Daily Devotion for December 2, 2016
Our Father, who art in heaven, hallowed be thy name. Thy kingdom come; Thy will be done, on earth as it is in heaven. Give us this day our daily bread, and forgive us our trespasses, as we forgive those who trespass against us. And lead us not into temptation, but deliver us from evil.
For Thine is the kingdom, and the power, and the glory, forever and ever.
What have I ever done
To deserve even one
Of the pleasures I've known?
Tell me Lord, what did I ever do
That was worth loving You
Or the kindness You've shown?
Lord help me Jesus, I've wasted it so
Help me Jesus I know what I am.
Now that I know that I've needed You so
Help me Jesus, my soul's in your hand.
Tell me Lord, if you think there's a way
I can try to repay
All I've taken from you.
Maybe Lord, I can show someone else
What I've been through myself On my way back to you.
Words and Music by Kris Kristofferson
The Love of Christ
Oh holy Christ, I thank you and love you for seeing who I really am. You know things about me that I don't even know myself, for you see with the clear eye of God, and not through the psychological tangle of human emotion and self-deception as others see me and I see myself. I most especially thank you, I fall upon my knees in gratitude, that you love me despite all of the sin and ugliness you see in me. You can see my beauty and heart, also, though, and love me as nobody else possibly could.
Like a father, you love me. Like a perfect brother, you love me. Knowing that you see me so clearly, and yet love me enough to suffer torture and death to save my soul, transcends my comprehension. I would be sick with shame, except that you have forbidden it, and by the power of God forgive my wrongdoing.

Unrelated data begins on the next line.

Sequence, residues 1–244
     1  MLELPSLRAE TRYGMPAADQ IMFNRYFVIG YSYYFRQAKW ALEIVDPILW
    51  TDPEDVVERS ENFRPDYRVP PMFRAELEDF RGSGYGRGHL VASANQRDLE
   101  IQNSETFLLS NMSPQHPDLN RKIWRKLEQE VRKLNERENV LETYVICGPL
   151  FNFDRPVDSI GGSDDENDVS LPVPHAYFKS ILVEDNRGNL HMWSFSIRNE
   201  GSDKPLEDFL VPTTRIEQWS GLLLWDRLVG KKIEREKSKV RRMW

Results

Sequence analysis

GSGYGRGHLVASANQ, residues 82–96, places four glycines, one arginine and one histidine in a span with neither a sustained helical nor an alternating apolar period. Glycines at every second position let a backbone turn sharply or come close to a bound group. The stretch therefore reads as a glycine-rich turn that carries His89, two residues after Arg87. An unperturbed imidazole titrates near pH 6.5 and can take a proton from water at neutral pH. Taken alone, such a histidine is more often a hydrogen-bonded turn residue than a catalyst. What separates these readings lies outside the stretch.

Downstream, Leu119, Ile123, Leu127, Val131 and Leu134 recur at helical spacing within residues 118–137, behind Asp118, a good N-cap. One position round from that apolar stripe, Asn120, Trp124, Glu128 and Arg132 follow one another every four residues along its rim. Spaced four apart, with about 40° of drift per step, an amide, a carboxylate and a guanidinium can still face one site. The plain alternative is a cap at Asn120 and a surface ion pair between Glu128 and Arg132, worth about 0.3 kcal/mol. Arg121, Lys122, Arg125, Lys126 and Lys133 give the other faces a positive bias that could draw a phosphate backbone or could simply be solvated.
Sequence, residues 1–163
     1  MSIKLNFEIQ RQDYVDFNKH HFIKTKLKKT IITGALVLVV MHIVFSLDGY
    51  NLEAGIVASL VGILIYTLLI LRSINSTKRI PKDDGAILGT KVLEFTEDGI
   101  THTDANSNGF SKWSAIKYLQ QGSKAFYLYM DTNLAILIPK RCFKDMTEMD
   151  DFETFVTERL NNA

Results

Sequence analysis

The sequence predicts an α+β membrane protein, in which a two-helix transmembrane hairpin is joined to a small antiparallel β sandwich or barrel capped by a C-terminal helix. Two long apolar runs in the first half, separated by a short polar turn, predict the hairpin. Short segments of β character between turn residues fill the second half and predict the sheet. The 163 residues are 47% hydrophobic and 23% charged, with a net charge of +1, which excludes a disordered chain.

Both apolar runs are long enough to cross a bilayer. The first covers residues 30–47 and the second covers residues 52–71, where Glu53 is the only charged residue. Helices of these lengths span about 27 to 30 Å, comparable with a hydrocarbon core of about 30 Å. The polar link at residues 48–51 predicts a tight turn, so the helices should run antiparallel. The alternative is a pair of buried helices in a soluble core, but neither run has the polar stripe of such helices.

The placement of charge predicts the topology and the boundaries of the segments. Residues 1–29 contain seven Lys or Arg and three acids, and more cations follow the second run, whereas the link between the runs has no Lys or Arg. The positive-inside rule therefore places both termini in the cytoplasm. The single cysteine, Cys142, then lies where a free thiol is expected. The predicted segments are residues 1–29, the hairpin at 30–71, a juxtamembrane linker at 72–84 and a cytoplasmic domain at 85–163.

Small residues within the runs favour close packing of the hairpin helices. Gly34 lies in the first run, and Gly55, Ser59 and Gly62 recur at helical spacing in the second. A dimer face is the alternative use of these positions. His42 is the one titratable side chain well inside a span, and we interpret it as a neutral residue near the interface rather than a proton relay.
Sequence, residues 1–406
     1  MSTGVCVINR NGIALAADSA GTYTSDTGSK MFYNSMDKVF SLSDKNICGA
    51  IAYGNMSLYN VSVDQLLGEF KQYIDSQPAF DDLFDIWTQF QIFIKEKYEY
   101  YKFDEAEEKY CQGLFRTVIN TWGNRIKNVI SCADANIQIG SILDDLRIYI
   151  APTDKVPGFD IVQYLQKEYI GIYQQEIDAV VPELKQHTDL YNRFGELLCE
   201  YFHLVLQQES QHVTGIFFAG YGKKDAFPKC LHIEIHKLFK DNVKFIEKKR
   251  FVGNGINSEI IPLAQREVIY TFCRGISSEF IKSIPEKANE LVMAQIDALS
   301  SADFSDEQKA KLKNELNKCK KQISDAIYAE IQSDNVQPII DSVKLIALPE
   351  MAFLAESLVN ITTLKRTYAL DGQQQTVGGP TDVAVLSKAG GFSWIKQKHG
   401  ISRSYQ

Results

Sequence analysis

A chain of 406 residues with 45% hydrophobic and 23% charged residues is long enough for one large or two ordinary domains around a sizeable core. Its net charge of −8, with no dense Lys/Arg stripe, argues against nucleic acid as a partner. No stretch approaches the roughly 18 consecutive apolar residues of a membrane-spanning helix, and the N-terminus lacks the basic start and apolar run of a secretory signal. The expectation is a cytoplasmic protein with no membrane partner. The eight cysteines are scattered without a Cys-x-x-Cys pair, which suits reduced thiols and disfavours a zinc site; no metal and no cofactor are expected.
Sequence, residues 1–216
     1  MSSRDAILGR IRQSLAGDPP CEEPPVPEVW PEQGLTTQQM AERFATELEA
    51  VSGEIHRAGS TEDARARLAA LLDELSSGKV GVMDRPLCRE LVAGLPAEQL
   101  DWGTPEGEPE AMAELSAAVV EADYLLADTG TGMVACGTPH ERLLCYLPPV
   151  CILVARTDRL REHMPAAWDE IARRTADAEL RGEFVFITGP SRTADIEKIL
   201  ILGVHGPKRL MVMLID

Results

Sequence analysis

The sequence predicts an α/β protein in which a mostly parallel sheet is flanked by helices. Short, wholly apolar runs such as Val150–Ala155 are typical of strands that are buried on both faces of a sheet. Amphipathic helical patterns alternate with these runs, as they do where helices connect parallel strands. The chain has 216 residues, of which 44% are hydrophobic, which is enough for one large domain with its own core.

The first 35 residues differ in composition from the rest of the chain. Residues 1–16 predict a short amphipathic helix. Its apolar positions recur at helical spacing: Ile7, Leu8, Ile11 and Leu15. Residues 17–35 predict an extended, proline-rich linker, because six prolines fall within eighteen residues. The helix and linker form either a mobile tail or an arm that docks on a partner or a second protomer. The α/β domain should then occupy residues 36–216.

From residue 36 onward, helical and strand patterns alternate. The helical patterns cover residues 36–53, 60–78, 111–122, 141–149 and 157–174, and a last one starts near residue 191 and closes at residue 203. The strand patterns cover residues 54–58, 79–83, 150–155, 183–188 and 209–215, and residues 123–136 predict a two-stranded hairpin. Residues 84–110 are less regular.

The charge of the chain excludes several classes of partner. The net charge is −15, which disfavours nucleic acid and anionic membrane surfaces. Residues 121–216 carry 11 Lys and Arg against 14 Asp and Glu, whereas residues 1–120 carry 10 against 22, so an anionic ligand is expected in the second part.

I give myself to you wholly, freely; every part of me blesses you. Take me to your bosom, holy Christ; let me live your love and reflect your light, that others may see a dim reflection of your magnificence in my lowly life, and that despite my many grievous faults, I might please you by doing better today, and every day. And this I vow: I will try, at least once today, to take a step closer to you, by the power of the Holy Spirit.
Prayer for the Holy Spirit's Guidance
Send your Holy Spirit to deepen my worship life.
Open my heart to the gifts and cultures which surround my church.
Open my heart to the people who are different from me.
In Jesus' name, I pray.
Now unto him that is able to keep me from falling, and to present me faultless before the presence of his glory with exceeding joy, to the only wise God our Savior, be glory and majesty, dominion and power, both now and ever.
(Additional prayers may be found at Prayers for All Occasions.)
God be with you 'til we meet again.
Preach the gospel every day; if necessary, use words.
~ (St.) Francis of Assisi
Matthew 23:37-39 (ESV)
“O Jerusalem, Jerusalem, the city that kills the prophets and stones those who are sent to it! How often would I have gathered your children together as a hen gathers her brood under her wings, and you were not willing! See, your house is left to you desolate.